Gone are backup Tim Thomas, who departed via free agency, and Cristopher Nilstorp, who helped lead the Texas Stars to the Calder Cup championship last season, but decided to return to his native Sweden and will play for Växjö of the Swedish Hockey League in 2014-15.
The two new faces are Anders Lindback and Jussi Rynnas, both of whom signed with the Stars as free agents.
Then, of course, there is Jack Campbell, the Stars first round pick from 2010, who just completed his second full professional season with the Texas Stars in 2013-14.
During the team’s recent development camp, Dallas Stars goaltending coach Mike Valley talked with the media about the goaltending situation. Here’s a look at the Stars’ top four goaltenders.
Lehtonen was 33-20-10 last season with a 2.41 goals against average, .919 save percentage and helped lead the Stars to their first playoff berth since 2008. He led the NHL in games played (65) and minutes played (3804) and ranked second in shots faced (1,888). In his second crack at the NHL playoffs during his career, he was 2-4 with a 3.29 goals against average and .885 save percentage.
Valley on Lehtonen: “I’ve always said how we get Kari to play at even a higher level is, first, that the idea number of games for him is about 60. We say that every year and then we get into a situation where it’s hard when you have a world class goalie at your disposal not to play him, especially when you are in such a tight playoff race. But I think if you have the ability to play him a little bit less and keep him mentally fresh then you can squeeze a little bit more out of him. Saying that, he played the most in the league last year. The other thing to get him to that higher level, how you get anybody to a higher level, is you have somebody nipping at your heels. It keeps you sharp and it keeps you extra motivated every day. Not that these guys need extra motivation, but that is just human nature.”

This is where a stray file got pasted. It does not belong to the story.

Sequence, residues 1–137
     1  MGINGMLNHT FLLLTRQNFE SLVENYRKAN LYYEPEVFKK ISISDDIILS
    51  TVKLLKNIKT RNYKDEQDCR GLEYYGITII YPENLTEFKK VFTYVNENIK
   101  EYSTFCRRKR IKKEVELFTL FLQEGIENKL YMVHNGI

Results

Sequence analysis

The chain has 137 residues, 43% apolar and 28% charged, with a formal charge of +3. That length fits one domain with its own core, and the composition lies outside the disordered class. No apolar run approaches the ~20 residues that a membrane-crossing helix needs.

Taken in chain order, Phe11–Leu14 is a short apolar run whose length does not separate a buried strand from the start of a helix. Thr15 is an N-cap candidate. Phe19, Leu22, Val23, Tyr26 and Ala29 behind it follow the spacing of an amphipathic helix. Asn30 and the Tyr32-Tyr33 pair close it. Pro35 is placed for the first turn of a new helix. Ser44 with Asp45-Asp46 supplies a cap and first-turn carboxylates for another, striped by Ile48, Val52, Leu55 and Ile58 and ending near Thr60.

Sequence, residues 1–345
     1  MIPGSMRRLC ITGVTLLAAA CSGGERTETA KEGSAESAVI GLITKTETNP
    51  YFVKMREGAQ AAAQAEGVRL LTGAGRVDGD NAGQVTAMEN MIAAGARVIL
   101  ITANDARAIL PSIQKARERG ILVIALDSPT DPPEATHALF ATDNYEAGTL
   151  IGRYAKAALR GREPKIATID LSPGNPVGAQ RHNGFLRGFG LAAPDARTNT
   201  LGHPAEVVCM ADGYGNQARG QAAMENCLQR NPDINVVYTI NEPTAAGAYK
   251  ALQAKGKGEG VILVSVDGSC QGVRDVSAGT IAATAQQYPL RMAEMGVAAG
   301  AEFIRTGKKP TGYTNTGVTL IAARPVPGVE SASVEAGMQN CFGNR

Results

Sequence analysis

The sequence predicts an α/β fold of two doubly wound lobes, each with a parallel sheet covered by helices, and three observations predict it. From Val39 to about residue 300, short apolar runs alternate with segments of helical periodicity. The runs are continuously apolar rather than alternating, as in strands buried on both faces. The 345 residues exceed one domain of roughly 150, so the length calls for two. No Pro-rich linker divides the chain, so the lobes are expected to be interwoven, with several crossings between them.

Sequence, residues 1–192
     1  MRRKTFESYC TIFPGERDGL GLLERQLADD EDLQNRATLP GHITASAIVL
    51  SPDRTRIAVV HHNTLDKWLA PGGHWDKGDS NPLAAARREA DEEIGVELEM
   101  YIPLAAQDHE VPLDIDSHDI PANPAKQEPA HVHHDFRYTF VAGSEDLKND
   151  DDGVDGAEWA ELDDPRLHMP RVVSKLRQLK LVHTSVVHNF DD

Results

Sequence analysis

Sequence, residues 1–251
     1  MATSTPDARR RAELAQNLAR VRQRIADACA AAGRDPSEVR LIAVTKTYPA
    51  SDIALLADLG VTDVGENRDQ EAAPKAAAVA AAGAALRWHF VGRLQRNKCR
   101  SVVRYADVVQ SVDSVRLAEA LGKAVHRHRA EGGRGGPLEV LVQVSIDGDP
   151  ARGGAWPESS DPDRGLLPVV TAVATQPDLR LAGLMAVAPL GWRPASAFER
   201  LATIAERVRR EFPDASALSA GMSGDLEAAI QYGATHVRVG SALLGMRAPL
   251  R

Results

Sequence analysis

Valley on if Lehtonen was physically or mentally fatigued going into the playoffs: “Kari is such a good soldier. I feel like I know him really well and I can tell based on his attitude and his body language and where he is at. But he is going to play. What a lot of people don’t know is that Kari is a guy that shows up three hours before a practice, three hours before a game. He is the first guy here taping his stick. He puts so much into it mentally and emotionally every day that when he does finally get a day off it’s very relaxing to him because he can completely unwind. He wants to be successful and he does all the little things. He is the ultimate pro, so he’ll never tell you or any of us that he is mentally drained. If you look at the last two seasons that we had, the lockout schedule which was a condensed schedule, and you look at last year it was a condensed schedule because of the Olympic break, it’s a lot to put on anybody and he played the most minutes in the league. For us to say he wasn’t mentally drained was pretty unreasonable for any of us to assume.”